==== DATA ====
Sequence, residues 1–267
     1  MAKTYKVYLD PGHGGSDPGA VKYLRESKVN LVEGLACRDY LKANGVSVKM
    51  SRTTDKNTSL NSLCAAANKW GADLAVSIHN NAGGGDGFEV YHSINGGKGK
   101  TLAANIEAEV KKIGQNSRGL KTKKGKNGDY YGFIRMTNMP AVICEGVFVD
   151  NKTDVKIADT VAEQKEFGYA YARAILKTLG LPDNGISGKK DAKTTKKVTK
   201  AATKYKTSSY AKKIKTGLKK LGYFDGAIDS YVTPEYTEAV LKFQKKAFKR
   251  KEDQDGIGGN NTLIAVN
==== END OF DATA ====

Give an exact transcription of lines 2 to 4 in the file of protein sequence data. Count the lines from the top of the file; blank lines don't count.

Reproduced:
     1  MAKTYKVYLD PGHGGSDPGA VKYLRESKVN LVEGLACRDY LKANGVSVKM
    51  SRTTDKNTSL NSLCAAANKW GADLAVSIHN NAGGGDGFEV YHSINGGKGK
   101  TLAANIEAEV KKIGQNSRGL KTKKGKNGDY YGFIRMTNMP AVICEGVFVD